From around 1925 to 1930, Lalique produced about 20 so-called car mascots, which were designed to replace the hood ornaments on luxury automobiles. Today, these heads of horses, peacocks, and roosters are among the most prized antique Laliques available, if you can even find one. Other examples include a goldfish, a wild boar, and a frog.

Lalique accepted a number of other high-profile architectural commissions during the 1920s, including the dining cars on the Orient Express, the Oviatt Building in Los Angeles, the Peace Hotel in Shanghai. As the 1930s arrived, Lalique’s work embraced Art Deco. Now the molding technologies Lalique had been refining seemed especially at home, particularly in a 1935 piece like Souston, an artichoke-shaped vase whose ridges and lines feel downright architectural.

Tableware and glassware also made an appearance in the 1930s. There were glasses and goblets, tumblers with a matching jug, and lots of carafes, each with its own handsome stopper. Plates and bowls sported swirling patterns suggesting sea urchins, anemones, and sand dollars.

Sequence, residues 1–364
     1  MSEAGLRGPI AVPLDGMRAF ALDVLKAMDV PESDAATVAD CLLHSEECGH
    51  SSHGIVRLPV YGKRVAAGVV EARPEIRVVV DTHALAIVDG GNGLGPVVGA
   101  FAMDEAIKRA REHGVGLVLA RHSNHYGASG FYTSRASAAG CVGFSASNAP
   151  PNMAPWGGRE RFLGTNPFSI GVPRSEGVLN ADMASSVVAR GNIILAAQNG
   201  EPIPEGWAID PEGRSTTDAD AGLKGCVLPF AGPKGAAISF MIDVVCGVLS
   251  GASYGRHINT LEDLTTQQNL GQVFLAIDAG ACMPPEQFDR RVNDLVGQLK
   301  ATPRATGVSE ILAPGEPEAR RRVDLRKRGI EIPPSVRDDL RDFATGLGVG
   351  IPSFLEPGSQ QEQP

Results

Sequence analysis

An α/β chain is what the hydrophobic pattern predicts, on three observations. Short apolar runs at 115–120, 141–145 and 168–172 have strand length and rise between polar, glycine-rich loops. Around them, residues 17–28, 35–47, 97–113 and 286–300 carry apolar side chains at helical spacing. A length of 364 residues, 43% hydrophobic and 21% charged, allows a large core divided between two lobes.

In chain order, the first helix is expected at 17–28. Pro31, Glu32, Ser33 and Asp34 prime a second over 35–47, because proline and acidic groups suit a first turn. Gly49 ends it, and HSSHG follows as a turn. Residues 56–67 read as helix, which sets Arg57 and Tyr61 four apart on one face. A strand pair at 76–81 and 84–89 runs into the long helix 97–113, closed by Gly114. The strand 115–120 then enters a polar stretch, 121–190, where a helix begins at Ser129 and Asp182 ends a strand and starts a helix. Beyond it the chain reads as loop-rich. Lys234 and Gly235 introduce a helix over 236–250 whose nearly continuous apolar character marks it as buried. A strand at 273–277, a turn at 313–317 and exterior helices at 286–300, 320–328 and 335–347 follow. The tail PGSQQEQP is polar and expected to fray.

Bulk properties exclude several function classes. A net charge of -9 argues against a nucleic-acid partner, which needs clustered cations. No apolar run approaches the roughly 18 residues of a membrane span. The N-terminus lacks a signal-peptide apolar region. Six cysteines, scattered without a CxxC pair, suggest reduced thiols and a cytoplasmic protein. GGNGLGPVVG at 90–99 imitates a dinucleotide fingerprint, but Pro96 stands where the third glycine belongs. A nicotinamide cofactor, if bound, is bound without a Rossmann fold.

Other pieces from the Depression years include lidded boxes of all sorts (both square and round), ashtrays, and clocks, including one timepiece housed within a panel of opalescent glass that has been molded with reliefs of Lalique’s beloved birds.

But this was the Depression, so in 1937 the glassworks at Combs-la-Ville closed. World War II shuttered a second Lalique factory, this time from 1940 to 1945, but Lalique himself stuck around until the Germans surrendered to Allied Forces on May 9, 1945. Two days later, one of the 20th century’s most influential designers would pass away, but his work ensures that he will never be forgotten.

About our sources | Got something to add?

▼ Expand to read the full article ▼

Best of the Web (“Hall of Fame”)



This fabulous site is a guide to Bohemian art glass makers from 1885 to 1920. Loetz was the premier Bohemian glass … [read review or visit site]

Cloud Glass Reference Site

Cloud Glass Reference Site

Chris and Val Stewart’s impressive attempt to create a complete catalogue of all known cloud glass, a decorative … [read review or visit site]

Antique Glass Salt and Sugar Shaker Club

Antique Glass Salt and Sugar Shaker Club